Stem cells are mainly characterized by their ability for self-renewal, i.e. they have the capacity to undergo numerous cell cycles, and produce progeny, while maintaining their undifferentiated state, even after a long inactive period [24]. Dependent on stem cell potency, their progeny gives rise to various differentiated cells either directly, or indirectly via transient amplifying cells. Stem cells reside in a stem cell niche, which can be defined as a strictly regulated microenvironment that maintains the stem cells and their function [25]. Because of their undifferentiated state, stem cells are difficult to identify [26]. Therefore many studies have to rely on indirect evidence to locate putative stem cells, such as slow cell cycle or the expression of particular transcription factors, e.g., SRY (sex determining region Y)-box 2 (sox2). This transcription factor maintains the pluripotency of early embryonic cells and regulates the formation of several epithelia during foetal development [2730]. Arnold and colleagues [31] showed sox2 expression in numerous adult endodermal and ectodermal stem cell compartments. In the mouse incisor, sox2 expression has been observed in the labial cervical loop, a site known to contain epithelial stem cells [32]. Recently, sox2 expression has been reported from the dental lamina giving rise to successional teeth in mammals (which display maximally only one round of tooth replacement), as well as in reptiles (characterized by continuous tooth replacement) [33]. Furthermore, Gaete and Tucker [16] described the presence of sox2 transcripts in the dental lamina of corn snake (Pantherophis guttatus) dental slice cultures and Abduweli and colleagues [13] demonstrated sox2 expression in the posterior end of a tooth family in the medaka (O. latipes), a teleost fish.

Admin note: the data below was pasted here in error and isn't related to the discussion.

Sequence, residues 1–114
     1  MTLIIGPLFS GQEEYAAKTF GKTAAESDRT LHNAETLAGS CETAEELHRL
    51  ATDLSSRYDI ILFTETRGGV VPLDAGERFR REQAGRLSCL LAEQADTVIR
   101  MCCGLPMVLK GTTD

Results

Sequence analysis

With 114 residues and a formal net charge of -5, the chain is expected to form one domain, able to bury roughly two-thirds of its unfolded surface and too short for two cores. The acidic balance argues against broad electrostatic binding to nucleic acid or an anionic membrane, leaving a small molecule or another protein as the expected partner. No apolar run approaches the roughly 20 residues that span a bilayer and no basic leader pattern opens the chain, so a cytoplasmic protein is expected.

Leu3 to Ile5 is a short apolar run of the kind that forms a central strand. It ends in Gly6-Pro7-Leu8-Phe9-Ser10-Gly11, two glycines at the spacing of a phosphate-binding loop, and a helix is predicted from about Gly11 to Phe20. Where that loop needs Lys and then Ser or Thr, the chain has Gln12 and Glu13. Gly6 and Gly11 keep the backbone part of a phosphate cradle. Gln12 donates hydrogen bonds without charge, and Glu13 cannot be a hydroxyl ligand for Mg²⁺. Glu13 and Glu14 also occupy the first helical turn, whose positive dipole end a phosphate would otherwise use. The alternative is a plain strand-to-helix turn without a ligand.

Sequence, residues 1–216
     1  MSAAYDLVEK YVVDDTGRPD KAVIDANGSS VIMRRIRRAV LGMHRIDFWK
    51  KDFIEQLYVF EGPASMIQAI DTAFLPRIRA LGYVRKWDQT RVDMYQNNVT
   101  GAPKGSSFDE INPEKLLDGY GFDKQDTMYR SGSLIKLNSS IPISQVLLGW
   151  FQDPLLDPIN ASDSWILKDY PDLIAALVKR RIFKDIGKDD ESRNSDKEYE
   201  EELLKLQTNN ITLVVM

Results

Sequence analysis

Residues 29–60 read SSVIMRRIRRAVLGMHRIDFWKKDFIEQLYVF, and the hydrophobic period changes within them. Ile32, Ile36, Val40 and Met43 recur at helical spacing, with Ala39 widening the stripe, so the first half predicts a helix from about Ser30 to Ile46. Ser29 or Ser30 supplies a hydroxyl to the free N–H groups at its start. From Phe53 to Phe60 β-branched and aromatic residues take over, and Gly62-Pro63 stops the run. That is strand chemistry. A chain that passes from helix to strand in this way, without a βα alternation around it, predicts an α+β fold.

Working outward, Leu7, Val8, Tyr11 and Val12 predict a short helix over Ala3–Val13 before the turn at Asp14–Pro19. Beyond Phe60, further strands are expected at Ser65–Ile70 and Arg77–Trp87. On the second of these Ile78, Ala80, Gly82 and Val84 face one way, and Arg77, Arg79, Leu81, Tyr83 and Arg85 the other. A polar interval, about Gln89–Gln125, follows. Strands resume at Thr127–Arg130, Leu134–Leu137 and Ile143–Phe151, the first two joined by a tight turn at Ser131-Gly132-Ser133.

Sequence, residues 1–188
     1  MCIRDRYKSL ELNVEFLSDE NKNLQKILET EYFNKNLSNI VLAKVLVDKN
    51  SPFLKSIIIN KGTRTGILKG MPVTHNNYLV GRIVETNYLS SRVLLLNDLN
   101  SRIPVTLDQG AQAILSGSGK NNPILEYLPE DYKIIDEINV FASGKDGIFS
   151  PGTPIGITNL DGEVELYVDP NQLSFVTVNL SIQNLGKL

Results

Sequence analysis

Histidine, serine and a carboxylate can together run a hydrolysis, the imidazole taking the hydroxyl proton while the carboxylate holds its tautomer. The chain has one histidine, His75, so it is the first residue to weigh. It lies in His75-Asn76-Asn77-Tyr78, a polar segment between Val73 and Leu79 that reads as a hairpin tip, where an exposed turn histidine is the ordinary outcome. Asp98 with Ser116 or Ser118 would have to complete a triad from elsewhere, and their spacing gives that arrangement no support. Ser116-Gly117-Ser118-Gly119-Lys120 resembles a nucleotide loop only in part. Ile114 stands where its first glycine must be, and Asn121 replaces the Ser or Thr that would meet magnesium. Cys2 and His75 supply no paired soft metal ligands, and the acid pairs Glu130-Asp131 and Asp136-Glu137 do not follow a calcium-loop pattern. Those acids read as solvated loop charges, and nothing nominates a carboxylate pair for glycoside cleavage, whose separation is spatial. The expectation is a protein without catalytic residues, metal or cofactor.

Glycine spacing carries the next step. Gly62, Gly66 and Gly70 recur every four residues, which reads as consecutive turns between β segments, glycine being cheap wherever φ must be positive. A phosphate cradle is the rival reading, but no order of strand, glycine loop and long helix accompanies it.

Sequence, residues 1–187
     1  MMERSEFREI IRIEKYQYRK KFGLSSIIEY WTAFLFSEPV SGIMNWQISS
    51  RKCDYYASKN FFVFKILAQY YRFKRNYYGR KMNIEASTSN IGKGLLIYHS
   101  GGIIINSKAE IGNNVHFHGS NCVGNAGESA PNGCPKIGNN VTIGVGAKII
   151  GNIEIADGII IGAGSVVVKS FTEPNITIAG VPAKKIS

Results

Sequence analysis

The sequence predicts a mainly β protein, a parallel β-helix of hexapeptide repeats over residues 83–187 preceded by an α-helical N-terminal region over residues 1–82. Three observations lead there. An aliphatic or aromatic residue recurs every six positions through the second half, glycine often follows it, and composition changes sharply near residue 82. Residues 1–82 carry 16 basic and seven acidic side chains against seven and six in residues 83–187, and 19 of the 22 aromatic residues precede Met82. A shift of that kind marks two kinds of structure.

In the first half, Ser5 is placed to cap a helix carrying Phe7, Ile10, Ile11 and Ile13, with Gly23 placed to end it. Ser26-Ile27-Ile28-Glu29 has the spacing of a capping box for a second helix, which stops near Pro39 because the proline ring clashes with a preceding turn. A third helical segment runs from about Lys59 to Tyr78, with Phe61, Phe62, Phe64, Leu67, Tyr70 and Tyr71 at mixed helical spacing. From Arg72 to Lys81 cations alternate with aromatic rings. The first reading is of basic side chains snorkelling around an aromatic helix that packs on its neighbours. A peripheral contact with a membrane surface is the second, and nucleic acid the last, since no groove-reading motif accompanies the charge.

Slow cycling cells can be detected when performing a pulse-chase experiment with, e.g., BrdU (5-Bromo-2’-deoxyuridine), a thymidine analogue that is incorporated in the nucleus of cells in the S-phase of the cell cycle. Over time, the BrdU in proliferating cells is diluted (yielding fragmented label in their nucleus), except in those that are slow-cycling, and are therefore termed label-retaining cells, LRCs. Various studies have used this method to collect evidence for the location of both known and unknown stem cell niches. LRCs have been shown in dental systems such as in the continuously growing rodent incisors and in the molars [3437], in E. macularius [14] and in O. latipes [13]. However, a recent study failed to show LRCs in P. senegalus [4]. Whether this failure is related to the absence of a dental lamina is not known but can be tested using another species where teeth derive directly from the dental organ of the predecessor, such as the salmonid S. salar.